The ancient water town of Zhujiajiao really has a lot of doors! I grouped them into three different blog posts to try to give them some structure. Part 1 showed doors right on the water. In Part 2, here, I planned to focus on doors of different colors. China in general and Shanghai in particular was a brightly colored place.
But once I had organized the pictures, I discovered a lot of brown. That was the color of the majority of doors in Zhujiajiao, and you can see that clearly even in part 1. The trim would sometimes be bright red, or more occasionally blue. But most of them were a rich, reddish brown color. So I grouped the brownest ones together here, and what might stand out more are the differences in shape and trim. Some doors certainly look a lot more welcoming than others.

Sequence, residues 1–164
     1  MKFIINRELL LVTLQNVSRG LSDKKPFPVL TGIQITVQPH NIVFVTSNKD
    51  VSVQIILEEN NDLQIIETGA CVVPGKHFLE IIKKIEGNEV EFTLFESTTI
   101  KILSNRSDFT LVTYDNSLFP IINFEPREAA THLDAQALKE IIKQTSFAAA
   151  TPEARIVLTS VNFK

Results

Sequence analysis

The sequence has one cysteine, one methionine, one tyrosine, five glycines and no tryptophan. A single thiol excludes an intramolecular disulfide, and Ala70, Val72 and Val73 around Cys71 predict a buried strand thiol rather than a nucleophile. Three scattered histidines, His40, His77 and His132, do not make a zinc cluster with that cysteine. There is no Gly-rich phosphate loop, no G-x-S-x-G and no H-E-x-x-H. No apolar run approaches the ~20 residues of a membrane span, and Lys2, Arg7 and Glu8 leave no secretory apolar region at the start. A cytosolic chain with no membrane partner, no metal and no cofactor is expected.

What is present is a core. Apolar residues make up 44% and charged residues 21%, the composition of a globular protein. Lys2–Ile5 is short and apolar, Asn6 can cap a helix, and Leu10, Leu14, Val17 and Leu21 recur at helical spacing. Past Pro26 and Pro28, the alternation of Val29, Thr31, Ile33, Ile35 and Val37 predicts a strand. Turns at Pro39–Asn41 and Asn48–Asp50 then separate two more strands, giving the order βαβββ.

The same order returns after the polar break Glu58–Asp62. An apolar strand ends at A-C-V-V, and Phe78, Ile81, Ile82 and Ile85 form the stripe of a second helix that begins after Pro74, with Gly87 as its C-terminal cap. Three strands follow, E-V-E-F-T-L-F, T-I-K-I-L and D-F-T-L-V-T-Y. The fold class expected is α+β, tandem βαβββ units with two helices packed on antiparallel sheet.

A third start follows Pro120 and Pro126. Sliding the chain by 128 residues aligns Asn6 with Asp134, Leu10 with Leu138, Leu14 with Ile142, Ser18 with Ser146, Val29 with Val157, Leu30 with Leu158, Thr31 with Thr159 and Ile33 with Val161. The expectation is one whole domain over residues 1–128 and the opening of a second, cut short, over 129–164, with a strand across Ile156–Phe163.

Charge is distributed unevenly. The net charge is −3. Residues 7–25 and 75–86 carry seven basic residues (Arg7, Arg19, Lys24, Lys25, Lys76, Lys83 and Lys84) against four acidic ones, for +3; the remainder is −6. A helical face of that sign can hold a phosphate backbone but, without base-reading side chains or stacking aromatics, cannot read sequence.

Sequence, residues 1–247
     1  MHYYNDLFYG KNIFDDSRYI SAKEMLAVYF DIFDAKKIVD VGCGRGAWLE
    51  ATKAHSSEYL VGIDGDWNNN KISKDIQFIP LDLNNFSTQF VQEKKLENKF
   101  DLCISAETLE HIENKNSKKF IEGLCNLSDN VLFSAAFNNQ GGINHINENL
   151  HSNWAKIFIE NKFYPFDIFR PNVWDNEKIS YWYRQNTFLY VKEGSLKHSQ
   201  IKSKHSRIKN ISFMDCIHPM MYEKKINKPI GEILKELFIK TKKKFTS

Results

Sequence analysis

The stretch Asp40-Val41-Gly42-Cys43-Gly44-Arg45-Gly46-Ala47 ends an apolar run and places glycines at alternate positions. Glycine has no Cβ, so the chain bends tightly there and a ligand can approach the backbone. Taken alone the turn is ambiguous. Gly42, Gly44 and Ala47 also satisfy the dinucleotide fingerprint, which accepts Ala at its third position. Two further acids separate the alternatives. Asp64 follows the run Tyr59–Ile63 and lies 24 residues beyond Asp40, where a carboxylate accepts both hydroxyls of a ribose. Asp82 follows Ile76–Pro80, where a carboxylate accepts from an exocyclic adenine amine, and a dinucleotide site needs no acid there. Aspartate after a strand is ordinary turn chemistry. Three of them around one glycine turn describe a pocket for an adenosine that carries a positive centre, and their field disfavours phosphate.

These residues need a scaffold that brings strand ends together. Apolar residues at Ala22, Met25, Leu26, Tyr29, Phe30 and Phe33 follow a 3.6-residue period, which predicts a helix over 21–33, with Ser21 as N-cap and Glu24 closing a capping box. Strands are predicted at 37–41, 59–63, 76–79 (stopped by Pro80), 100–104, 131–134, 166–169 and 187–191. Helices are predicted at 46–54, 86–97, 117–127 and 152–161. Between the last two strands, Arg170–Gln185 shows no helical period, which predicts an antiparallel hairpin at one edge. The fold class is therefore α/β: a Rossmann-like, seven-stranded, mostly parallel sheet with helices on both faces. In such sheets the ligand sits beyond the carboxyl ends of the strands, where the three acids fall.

And then there were the occasional different ones. Red. Blue. Teal. Gray. Aqua. (But even these tended to be juxtaposed with brown).
Why so few red doors? Feng Shui may provide an answer. According to one article I read, red is the color of the South, and of the fire element. Building codes in ancient China stipulated that only high-ranking government officials could paint their doors red, which is one reason why red is associated with prosperity.
Whereas blue is associated with water, and with relaxation. And brown doors are associated with wood and earth elements, and with stability. Based on my very unscientific sampling, stability seems to be highly valued in Zhujiajiao!
Thursday doors is a weekly feature in which door lovers share their pictures from doors all around the world. Stop by Norm 2.0’s blog to say hello and see some of the others.